And there is some TV that goes with this, in fact quite a lot of TV: Give me the original Lost in Space over the modern remake any day of the week! First few seasons of The West Wing, The Sopranos, Sex & The City (or some of it…) etc etc
TV is Dead: Long Live (Streaming) TV
Sadly that short peek at what I thought was one of my all time favourite series — and still is, at least in a more nostaglic overarching kind of way — was both deflating and exhilarating.
Deflating because some of the boyhood gloss (read: a lot) of loving the X-Files has sadly worn off….
Exhilarating because a new great age of amazing TV is before us.
I know this because recently a friend asked for three recommendations from my Netflix list…and I gave him nearly TWENTY…which, sure, I was able to cut back a little but I dropped off some shows I really really loved.
Shows like Atypical, Sex Education, Schitts Creek, The Crown, Big Mouth, Russian Doll, Mindhunter, Haunting of Hill House, Ozark…and that’s just the Netflix offering. Even the networks and their subsidiary channels and on-demand services are showing some seriously brilliant TV — can we talk Years and Years already? So good. As for Veep. WORSHIP.
A short break to continue the worship…
Sure, there are huge back catalogues that the platforms have the commercial networks a lot to thank for because they were shows essentially produced and funded by networks who could raise the cash to buy them from the advertising revenue back in the day.
But we are just at the very beginning of an era where both the streamers and any number of content producers are going to churn out literally tonnes of new content to satisfy binge-hungry audiences.
It’s not all going to be great. In fact, I can easily name and shame a half-dozen shows or movies I’ve flipped off after the first twenty minutes or episode…and, interestingly, some others I’ve done the same with then revisited when prompted by mates — Schitts Creek being the perfect example, and The Good Place — and have ended up LOVING the Schitt out of ‘em.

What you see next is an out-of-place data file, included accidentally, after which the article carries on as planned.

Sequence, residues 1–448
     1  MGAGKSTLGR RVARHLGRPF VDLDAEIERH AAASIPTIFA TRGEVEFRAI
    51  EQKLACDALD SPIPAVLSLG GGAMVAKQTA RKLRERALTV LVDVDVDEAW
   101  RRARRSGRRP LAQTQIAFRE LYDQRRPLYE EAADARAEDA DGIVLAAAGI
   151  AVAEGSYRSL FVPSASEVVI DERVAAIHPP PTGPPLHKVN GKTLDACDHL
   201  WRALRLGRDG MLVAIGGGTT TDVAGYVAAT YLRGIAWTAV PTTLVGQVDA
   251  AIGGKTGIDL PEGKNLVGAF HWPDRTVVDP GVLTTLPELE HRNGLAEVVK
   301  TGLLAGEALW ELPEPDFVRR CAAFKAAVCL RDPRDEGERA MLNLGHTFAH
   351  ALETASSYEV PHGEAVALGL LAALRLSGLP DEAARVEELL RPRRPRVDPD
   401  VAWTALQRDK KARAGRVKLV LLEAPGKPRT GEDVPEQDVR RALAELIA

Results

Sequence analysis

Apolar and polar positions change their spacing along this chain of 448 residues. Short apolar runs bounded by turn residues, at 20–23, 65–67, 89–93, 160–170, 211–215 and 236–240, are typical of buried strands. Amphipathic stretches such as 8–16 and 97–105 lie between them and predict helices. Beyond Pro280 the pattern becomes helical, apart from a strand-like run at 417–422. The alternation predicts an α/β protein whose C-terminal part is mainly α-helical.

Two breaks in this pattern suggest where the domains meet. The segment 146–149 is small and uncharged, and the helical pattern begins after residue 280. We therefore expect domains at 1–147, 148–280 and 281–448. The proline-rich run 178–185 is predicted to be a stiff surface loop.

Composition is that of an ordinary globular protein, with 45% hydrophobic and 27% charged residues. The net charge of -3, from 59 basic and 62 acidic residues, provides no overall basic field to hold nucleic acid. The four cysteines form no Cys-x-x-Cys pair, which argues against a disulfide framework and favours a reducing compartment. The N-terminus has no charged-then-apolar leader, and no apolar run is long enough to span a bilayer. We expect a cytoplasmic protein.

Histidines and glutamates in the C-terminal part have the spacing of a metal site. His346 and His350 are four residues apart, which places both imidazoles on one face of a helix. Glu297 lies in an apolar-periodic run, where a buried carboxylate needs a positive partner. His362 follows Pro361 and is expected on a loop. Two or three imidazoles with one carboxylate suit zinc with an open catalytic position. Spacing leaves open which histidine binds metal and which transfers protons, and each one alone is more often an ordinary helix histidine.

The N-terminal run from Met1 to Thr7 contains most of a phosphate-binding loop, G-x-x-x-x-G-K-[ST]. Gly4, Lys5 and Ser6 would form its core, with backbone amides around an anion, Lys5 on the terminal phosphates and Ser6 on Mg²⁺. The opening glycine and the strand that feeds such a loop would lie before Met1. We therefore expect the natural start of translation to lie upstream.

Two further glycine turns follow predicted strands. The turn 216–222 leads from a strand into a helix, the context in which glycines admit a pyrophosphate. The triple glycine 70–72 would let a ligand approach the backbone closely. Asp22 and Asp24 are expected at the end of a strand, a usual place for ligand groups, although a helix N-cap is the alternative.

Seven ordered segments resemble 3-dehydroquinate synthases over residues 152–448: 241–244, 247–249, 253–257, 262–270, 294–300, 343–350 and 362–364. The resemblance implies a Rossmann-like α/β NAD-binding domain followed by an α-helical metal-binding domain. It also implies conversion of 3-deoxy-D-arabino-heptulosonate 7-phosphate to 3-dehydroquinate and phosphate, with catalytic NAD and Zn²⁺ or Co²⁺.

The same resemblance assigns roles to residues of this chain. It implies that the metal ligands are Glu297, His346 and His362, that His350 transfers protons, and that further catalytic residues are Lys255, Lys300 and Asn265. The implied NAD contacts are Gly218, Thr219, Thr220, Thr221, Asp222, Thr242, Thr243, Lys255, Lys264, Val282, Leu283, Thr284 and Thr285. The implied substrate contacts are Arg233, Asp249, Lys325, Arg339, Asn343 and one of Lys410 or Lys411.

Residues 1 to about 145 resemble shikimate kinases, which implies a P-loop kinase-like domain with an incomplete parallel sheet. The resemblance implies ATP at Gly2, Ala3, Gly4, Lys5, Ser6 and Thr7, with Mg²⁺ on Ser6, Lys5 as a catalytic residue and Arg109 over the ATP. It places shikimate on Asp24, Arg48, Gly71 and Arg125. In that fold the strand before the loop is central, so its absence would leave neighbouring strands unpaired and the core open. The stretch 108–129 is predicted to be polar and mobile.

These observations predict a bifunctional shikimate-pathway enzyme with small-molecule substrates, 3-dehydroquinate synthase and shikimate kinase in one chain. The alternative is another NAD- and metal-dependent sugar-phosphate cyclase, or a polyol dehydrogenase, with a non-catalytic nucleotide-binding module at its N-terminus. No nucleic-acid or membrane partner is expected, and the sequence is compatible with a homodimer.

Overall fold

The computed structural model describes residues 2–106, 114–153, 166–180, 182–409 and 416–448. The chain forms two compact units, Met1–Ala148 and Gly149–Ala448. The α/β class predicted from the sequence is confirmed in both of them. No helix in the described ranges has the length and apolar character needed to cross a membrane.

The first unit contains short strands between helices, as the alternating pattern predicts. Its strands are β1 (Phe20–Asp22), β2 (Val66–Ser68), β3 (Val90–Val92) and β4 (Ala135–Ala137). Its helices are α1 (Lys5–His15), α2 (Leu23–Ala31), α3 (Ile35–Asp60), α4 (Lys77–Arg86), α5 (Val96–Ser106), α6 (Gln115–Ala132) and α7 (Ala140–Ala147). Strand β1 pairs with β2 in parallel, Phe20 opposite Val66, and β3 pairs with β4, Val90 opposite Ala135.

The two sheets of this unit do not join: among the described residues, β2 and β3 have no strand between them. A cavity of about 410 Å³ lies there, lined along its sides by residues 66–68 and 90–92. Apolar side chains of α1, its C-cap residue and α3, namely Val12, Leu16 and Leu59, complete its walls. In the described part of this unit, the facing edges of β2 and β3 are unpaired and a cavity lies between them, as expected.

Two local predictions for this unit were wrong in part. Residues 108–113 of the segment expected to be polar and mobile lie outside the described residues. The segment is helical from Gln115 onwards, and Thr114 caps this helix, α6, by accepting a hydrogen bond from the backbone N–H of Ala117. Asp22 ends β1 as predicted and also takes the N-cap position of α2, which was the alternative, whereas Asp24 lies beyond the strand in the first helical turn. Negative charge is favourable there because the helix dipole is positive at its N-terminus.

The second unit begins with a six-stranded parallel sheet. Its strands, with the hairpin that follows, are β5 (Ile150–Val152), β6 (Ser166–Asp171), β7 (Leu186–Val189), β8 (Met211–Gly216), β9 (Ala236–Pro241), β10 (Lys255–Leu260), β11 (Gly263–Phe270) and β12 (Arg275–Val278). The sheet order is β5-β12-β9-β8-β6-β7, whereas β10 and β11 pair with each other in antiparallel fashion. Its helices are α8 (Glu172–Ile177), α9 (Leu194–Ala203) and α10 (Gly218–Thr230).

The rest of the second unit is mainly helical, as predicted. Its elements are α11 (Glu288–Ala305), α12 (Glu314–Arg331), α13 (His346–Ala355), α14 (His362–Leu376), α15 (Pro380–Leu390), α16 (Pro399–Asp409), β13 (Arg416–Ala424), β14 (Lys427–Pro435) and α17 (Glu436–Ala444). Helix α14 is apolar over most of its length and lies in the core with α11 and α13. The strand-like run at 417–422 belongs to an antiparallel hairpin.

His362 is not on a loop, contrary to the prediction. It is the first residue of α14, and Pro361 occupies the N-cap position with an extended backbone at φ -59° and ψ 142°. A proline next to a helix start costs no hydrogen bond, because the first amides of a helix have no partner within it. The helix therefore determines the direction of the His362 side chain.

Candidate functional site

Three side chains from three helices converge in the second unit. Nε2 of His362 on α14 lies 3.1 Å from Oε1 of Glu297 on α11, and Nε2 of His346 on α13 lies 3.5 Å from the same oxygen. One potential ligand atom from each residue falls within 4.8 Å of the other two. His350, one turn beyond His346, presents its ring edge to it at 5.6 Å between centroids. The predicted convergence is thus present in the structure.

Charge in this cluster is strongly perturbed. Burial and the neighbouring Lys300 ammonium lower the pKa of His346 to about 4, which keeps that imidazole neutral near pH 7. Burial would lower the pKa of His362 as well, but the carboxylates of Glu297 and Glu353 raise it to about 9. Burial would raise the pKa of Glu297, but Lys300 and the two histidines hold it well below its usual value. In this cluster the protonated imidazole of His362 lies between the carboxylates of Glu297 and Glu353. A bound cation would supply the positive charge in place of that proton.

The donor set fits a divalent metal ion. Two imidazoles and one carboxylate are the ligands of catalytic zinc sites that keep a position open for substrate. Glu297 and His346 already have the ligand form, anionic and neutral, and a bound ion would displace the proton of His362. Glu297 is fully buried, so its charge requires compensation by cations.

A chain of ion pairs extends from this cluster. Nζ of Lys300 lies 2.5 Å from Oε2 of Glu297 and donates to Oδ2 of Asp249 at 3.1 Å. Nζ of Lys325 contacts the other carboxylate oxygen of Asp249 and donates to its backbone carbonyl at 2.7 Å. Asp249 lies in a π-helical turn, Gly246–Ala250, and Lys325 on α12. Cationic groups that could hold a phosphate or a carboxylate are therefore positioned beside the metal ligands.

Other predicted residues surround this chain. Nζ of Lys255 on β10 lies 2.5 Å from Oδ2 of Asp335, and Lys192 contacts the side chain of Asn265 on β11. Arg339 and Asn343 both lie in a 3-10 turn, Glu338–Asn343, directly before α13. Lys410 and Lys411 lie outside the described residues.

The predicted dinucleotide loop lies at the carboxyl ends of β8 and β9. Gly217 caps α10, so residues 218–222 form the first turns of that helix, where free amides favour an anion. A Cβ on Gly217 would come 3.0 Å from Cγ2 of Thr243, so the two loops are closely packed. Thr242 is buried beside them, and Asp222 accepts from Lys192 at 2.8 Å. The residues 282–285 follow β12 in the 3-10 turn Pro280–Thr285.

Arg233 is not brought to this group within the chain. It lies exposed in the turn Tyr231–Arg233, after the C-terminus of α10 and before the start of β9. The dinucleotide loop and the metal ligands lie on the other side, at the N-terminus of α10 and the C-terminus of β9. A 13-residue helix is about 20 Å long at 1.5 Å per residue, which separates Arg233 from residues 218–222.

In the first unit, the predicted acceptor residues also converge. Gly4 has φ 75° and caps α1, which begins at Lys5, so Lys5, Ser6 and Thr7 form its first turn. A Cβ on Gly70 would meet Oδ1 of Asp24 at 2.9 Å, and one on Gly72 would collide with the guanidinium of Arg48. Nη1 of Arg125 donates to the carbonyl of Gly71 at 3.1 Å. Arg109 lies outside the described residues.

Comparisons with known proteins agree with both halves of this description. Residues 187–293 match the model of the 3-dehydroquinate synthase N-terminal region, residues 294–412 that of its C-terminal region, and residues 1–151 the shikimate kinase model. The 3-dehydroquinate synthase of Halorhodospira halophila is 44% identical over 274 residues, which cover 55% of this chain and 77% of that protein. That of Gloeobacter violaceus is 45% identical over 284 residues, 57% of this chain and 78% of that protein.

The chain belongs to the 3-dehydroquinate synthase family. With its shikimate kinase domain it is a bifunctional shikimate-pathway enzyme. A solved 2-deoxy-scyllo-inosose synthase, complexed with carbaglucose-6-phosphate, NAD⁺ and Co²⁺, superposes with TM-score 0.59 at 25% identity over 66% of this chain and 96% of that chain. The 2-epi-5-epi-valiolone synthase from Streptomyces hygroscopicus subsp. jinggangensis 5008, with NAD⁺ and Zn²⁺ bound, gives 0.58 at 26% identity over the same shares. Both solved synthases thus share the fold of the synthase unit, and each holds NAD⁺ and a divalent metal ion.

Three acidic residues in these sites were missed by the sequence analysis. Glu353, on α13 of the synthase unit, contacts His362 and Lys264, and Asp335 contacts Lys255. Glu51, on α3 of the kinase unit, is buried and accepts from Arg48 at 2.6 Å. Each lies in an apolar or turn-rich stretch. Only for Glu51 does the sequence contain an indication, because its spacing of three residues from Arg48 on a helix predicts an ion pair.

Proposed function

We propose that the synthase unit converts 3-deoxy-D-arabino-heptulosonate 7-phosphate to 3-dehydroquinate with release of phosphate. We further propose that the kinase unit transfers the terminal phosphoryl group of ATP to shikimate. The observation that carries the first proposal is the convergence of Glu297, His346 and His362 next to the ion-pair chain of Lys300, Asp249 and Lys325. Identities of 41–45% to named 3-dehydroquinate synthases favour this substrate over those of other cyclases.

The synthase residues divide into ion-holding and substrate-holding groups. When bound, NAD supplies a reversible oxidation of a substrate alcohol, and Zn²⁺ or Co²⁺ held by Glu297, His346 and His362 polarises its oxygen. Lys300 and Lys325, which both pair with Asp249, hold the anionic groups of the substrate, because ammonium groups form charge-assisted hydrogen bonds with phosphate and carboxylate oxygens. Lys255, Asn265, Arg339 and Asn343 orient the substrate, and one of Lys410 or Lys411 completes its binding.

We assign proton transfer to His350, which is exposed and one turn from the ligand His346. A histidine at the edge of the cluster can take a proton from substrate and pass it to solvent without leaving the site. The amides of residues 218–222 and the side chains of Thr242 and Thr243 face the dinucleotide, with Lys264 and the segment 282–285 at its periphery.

And yet thanks to the hunger of a content-hungry audience, more and more will get churned out, meaning there is a growing watchlist of TV to watch that becomes more and more diverse as it tries to differentiate itself in the marketplace.
It’s All Good. Mostly.
Bottom line — it’s a good thing. Mostly.
Certainly a boon for creatives working in film and TV production, from extras standing in line to buy a coffee behind Jennifer Aniston in The Morning Show to up-and-coming directors getting to work with a Hollywood set suddenly turning to TV because it’s where all the work is…and good work too. Not pay for your kid’s college education or in-between movies work.
And it’s great for us, the consumer, who are happy to commit to shows that we hear about from friends or social media or via the platform curating them to our inboxes or apps.
Maybe not so good for the networks and commercial TV stations, who I fear will slowly be eaten up by the streaming platforms or big tech or eventually converged in so they remain viable a little longer.
And not so good for TV news, which may struggle unless it can adapt and find a place somewhere on the streaming platforms in the on-demand world, although my prediction on this is that legacy media will become way more focussed on video/live-streamed content and far less on copy, so the news will live on in one form or another.
And sadly, for a range of once groundbreaking TV like the X-Files, which I thought would remain forever untouchable, with such a huge amount of quailty content coming out it means they will begin to look a bit tired…dated…
And maybe even have a great big “X” put through them.